This discernment comes from a deep understanding of how things work together, and being able to dive into the details, yet also maintaining the 10,000 foot view. Balancing all of this, with keeping a mind toward how the architecture should evolve with the businesses needs, is what makes a senior developer ready to lead on a technical level.
3. Being Able to Teach Complex Concepts to Other Developers
In the Nuclear Navy we had a saying that you didn't really know something until you could teach it to others. That's why I hesitate to call any developer senior unless they have had experience mentoring others on a team. When we learn, it's by nature a gradual process, so we will approximate a lot of our knowledge, initially, but as time goes on any gaps are filled in as we learn more. When we begin to verbalize a concept, and try to explain it to someone else, we can solidify our knowledge as we walk through an explanation. For more, here is a study that shows that teaching a concept to someone else is highly correlated with improved knowledge of the concept.
4. The Quality of Experience and Mentorship You Received
Who you interact with, professionally makes a big difference in your level of expertise. I would trust someone as a senior developer that has worked at AirBnB, or Facebook back in the day, for example, before I would trust someone that was mentored by the senior developers at a lesser known company with less critical, interesting challenges. The more interesting types of work being done will attract better talent, naturally, which means as long as knowledge transfer is happening, junior developers at those companies will be much better off than others.
5. Choosing the Right Tool for the Job
If you were building a high-end cabinet, would you want to use a jigsaw, circular saw, or chainsaw? Would you want to use one of each at different stages in a project? Similarly, when you're building software, the kind of database, language, or framework you would use to solve a particular problem requires knowledge a senior developer has picked up over their career. That means knowing the relative strengths and weaknesses of different technologies to make the best choice for the application. This can save a business a lot of money in development or operational costs, and can help determine whether a competitor gets their product to market before you.
6. Superior Interviewing Ability
This means not only understanding how to be an interviewee, but also knowing how to interview others. As an interviewer, you have to determine with very little time, whether someone standing before you is qualified or close enough to being qualified to work on your team. If they are close, someone with enough experience in hiring will know with a high degree of granularity, what areas need strengthening, and whether the team has the resources to help that person get there.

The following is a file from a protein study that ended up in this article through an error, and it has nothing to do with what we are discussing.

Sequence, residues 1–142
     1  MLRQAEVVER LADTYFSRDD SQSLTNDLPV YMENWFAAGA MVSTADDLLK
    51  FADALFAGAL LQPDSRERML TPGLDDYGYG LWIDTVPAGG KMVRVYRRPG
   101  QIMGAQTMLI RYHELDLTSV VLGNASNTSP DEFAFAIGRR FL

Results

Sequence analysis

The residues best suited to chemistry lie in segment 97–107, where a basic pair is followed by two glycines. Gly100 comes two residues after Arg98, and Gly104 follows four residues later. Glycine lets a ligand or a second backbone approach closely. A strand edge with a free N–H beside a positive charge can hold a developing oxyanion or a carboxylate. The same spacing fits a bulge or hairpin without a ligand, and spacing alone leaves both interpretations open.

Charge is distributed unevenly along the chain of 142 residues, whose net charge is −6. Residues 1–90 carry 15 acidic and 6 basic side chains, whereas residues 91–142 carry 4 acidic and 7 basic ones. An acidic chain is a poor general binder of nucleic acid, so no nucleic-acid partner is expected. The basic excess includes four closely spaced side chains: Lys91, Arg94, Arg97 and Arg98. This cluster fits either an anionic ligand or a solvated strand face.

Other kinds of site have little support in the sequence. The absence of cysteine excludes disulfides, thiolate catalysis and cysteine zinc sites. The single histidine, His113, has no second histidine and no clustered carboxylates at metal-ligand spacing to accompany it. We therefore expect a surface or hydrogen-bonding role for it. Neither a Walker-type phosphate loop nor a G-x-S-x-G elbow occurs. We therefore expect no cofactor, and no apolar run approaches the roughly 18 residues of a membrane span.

7. Saving the Day by Troubleshooting Production Systems
You must understand and be able to troubleshoot bugs that appear in a real-live production environment, whatever that means in your particular technology stack. So, if everyone else on your team is on vacation, you can jump in and save the business from collapse. This obviously can depend on the size of the business and the application, but it is more a mindset and accumulation of technical ability than anything else.
8. Software Testing Practices and Refactoring
I recognize that not all software disciplines use automated tests the same way a web or mobile developer do, for example systems, graphics, or embedded programmers. However, for technology stacks that have testing frameworks and for which there is a reasonable expectation to use them, a senior developer believes in tests, and knows how they can save your application from endless regressions, continual bug fixing, and the resulting low team morale. When a bug comes up, the senior dev knows the value of writing a test just for that bug, to make sure it doesn't come back again after the bug fix. Also, senior developers will know when not to test something, as in, they understand that achieving 100% test coverage can be a time-sink and can actually limit flexibility and velocity in turning out new features.
9. Clearly Developed Soft Skills
The ability to work well with others cannot be overstated because most people would reasonably view a senior developer as a technical leader on a team. The ability to speak candidly but respectfully, to mentor effectively, to train without belittling, and to demonstrate general communication ability, is what I expect from any professional I would want to work with, especially in software where work is constantly being reviewed by others. Having someone that can't demonstrate diplomacy or respect others' feelings really kills morale on a team, even faster than poor code quality and technical debt do. There are so many instances of when this communication is needed: discussing someone's code quality with them, collaborating with others to brainstorm an approach to solving a problem, participating in sprint/team retrospectives, discussing code debt, in an emergent situation, etc., that morale can really go south quickly if someone that knows a lot, can't play nice with others.